What would be covered in my initial appointment?
We would always set an agenda for the sessions together. However, what we tend to cover in the first session is:
- Your goals and expectations
- A contract of working together
- An assessment of your symptoms or the areas we will be focusing on in the next few sessions
You will be given the option of completing some questionnaires, which will help us monitor your progress. This is not compulsory.
Is it normal to feel nervous or have second thoughts about therapy?
It is absolutely normal to feel slightly anxious before your first session. Most of the people I have seen for therapy experience those feelings before our appointment but they tend to be resolved after the first 10 minutes.
People tend to feel anxious because they might worry about how they are going to be perceived. A lot of people worry about being judged or not been taken seriously. This is not a risk that you run in your sessions as the therapeutic environment is always non-judgemental and the focus of the sessions is you and your experiences.
Feel free to discuss those feelings of anxiety or worry with your therapist in case we can adapt the first session to suit your specific needs (e.g. some people prefer to have the initial part of their session with the camera switched off).
How many sessions will I need?
The amount of sessions that people need depend on a range of factors, such as:
- The nature and the length of their symptoms or difficulties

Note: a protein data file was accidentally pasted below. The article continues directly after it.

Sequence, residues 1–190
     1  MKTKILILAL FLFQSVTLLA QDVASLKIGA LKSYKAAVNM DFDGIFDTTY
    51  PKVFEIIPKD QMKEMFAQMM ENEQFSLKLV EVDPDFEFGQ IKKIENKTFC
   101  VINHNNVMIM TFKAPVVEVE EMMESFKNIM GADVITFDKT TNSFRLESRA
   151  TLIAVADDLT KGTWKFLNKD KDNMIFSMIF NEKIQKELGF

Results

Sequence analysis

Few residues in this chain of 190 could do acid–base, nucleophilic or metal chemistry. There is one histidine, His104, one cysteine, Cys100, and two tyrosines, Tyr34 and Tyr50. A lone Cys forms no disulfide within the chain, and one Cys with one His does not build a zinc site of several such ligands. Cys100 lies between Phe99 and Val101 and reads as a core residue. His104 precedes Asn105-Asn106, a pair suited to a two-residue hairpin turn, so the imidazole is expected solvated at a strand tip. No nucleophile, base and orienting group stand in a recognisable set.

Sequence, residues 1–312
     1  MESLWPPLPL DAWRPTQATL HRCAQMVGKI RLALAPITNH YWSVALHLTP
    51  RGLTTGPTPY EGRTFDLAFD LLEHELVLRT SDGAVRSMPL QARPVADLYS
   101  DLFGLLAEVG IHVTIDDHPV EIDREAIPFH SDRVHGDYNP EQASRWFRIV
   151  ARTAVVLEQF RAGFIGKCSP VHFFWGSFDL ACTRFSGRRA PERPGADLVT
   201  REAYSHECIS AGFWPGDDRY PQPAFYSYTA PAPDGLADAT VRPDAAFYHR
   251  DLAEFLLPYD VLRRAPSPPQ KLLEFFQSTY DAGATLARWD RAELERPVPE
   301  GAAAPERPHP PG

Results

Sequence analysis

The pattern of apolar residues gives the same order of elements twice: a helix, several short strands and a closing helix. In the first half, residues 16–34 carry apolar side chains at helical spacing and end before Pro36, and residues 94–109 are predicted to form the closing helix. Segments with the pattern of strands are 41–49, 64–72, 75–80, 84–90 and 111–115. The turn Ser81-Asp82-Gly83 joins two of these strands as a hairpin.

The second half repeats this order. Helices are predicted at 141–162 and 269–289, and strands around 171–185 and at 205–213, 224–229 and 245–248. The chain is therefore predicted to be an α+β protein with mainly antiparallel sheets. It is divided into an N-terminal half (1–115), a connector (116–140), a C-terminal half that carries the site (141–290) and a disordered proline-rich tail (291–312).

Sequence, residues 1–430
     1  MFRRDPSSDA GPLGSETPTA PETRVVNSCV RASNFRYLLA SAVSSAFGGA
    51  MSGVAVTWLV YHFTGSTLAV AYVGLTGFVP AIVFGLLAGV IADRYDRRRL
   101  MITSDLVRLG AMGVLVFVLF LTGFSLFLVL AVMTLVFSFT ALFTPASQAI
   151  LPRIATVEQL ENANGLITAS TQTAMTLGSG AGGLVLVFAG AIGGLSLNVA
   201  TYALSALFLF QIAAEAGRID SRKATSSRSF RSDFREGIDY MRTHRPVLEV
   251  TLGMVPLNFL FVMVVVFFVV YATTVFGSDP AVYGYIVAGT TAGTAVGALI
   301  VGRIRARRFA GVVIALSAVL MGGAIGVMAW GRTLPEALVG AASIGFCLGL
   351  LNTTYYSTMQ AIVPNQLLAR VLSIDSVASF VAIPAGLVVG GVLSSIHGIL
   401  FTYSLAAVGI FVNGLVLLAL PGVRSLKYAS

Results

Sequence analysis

- The pace they are ready to work at
- Their readiness to change
- The goals that the person sets in the beginning of therapy
The aim of therapy is to help people become their own therapists, rather than develop a dependency on their sessions. Therefore, whenever somebody feels ready to complete their therapeutic work, they should discuss this with their therapist and agree on a plan.
Frequent reviews (every 6 sessions) are an important part of therapy. Those reviews give the opportunity to you and your therapist to re-assess your therapy goals, monitor your progress and also share your thoughts about ending therapy.
How often do I need to attend therapy?
This will be discussed and agreed with your therapist. However, we tend to arrange sessions on a weekly basis in order to guarantee the continuity that will enhance the therapy outcomes.
Does my therapist know what is best for me? Are they going to offer me a solution to my problems?
Your therapist would not offer you a solution to your problem. You are going to be the one working out the best solutions to your difficulties based on your personality and your preferences in life. Your therapist is going to offer you guidance and be there to support you in this journey by encouraging you to explore different options and overcome possible barriers.
In any case, there is not one ideal solution to every problem. By taking responsibility to solve your own problems and manage your difficult feelings, you would develop the independence and self-confidence that therapy aims for.